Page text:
Unlike the notes, the retreat was substantial. Perhaps I'm being unduly harsh about writing that doesn't sound that much different from what I churn out now. One never really does very well at understanding oneself (which is why writers need editors and people need... other people).

What is interesting is that 1990 proved to be a crucial year for me. In the first few weeks of the new decade, I met some new friends and the beginnings of a much more secure, much less lonely path on which to travel.

One of those friends, who I met for the first time shortly after this retreat, was a girl named Eileen.๐Ÿ˜Š 

Saturday, December 28, 2019

The Face of God

"For us God is not some abstract hypothesis; 
He is not some stranger 
who left the scene after the 'Big Bang.'
God has revealed Himself in Jesus Christ.
In the face of Jesus Christ we see the face of God.
In His words we hear God Himself speaking to us."

~Benedict XVI

Friday, December 27, 2019

The Decade of The Washington Nationals

Since we're all doing the "Decade Retrospective" thing in these days, I want to share my statistical doodling that I recently undertook in order to procrastinate from working pass a few leisurely moments. It pertains to the phenomenon of this past decade that my son and I will always be able to look back upon as bathed in the warm light of ultimate success. Moreover, it is a success that came at the end of the decade, just in time to rescue us from having to look back on these same numbers with cold cynicism.

The 2010s were The Decade of The Washington Nationals.

For us as Nats baseball fans, literally one game (game 7 of the 2019 World Series) made the difference in our experience of this decade as being a thrill of victories rather than an agony of defeats. That doesn't seem to make sense, but ultimately sports are not about the exercise of reason in the exact manner of a science. They are about play. Within the "realm of the game" (admittedly minor in relation to other, much more important realms of life, but also a realm that has its own integrity) the "thrills" and "agonies" have their own significance, which we must not underestimate.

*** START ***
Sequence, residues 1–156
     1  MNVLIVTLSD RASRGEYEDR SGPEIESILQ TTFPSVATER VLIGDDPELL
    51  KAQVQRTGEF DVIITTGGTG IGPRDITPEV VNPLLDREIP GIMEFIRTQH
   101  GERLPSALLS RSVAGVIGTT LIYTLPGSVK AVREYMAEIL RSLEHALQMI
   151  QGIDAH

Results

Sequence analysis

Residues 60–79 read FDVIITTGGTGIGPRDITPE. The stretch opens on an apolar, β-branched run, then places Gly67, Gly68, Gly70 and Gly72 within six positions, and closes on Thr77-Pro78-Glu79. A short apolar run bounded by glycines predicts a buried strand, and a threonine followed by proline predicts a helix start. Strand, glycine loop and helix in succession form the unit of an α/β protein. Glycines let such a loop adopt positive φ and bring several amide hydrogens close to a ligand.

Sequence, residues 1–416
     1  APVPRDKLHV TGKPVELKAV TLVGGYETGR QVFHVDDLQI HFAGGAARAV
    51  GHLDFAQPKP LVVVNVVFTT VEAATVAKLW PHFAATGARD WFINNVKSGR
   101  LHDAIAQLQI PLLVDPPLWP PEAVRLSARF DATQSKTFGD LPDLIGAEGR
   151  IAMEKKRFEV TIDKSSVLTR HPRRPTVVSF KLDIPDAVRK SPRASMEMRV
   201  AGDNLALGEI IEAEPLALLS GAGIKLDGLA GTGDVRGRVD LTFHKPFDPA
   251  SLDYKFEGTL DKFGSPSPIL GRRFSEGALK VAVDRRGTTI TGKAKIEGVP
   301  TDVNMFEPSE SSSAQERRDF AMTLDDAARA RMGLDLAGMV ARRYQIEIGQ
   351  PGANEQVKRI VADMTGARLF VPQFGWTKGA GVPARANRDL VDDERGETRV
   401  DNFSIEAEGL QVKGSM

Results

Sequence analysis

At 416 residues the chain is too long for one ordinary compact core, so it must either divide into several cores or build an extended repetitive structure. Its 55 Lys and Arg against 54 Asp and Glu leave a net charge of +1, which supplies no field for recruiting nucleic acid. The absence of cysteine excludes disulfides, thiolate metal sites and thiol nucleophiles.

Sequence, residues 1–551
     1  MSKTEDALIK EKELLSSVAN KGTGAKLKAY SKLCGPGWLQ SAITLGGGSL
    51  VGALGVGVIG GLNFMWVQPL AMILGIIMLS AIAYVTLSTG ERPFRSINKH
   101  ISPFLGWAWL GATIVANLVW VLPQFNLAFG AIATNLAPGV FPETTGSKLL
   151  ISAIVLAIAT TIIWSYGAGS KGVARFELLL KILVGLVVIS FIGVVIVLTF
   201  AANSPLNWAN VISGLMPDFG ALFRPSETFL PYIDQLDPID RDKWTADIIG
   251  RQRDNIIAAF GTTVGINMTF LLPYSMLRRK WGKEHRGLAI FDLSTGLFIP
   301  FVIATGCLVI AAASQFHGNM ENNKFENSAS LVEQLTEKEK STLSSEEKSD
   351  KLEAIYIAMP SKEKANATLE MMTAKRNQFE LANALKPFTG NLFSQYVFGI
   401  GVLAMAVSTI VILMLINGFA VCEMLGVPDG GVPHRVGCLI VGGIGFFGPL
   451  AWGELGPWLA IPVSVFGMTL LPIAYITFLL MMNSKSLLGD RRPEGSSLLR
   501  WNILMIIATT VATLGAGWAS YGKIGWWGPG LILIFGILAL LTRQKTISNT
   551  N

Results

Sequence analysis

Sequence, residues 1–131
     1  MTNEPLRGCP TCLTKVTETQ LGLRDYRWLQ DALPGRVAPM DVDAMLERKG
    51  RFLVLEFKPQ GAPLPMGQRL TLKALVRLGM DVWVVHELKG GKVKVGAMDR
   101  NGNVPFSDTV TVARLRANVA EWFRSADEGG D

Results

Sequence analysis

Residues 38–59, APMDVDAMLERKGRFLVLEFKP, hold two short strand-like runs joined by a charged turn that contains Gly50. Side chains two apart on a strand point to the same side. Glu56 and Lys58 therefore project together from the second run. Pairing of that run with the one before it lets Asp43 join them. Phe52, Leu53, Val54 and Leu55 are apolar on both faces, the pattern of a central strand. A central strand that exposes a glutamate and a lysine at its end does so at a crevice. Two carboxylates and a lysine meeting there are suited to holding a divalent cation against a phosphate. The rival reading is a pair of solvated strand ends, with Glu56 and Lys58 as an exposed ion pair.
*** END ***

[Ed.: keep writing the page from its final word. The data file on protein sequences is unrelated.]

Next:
Players and their performances on the field are a big part of this, of course. This is the decade that began with Stephen Strasburg's 14-strikeout major league debut on June 8, 2010 and ended with Stephen Strasburg's winning the World Series MVP on October 31, 2019 (and going on to sign a long-term contract with the Nationals this past month — for us fans that means he's staying on our field for a long time). Ryan Zimmerman, a career Nat, played frequently injured during the decade, but made it all the way to being a clutch factor in the playoffs and World Series. Max Scherzer: all the great seasons, the two Cy Young awards, the strikeouts, the no-hitters, and... winning the World Series.

There was much that was memorable during all the seasons of the decade, even if four of them ended in first-round playoff disappointment. Pitchers like Jordan Zimmerman and Gio Gonzalez gave us great years, and then Jayson Werth — who played with the Nats from 2011-2017 — did so much to build the fighting spirit of the winning team they became two years after he retired. Werth also hit the game-winning home run back in 2012 that kept the Nats alive in their first playoff series (before this year, that was the top highlight of the Nats' post-season play).

Am I forgetting anybody?

Oh... there was that dude who hit lots of towering home runs and then decided to play for the Philadelphia Phillies... what was his name again?๐Ÿ˜‰

But here's another thing: the game of baseball is not just played on the field. It's a game that involves a combination of luck and a diversity of skills. And while the most important skills, no doubt, can't be "measured" in any simple way, many aspects of baseball performance can be quantified in a set of statistics that provide significant and detailed information but also can be understood and calculated by a 10-year-old.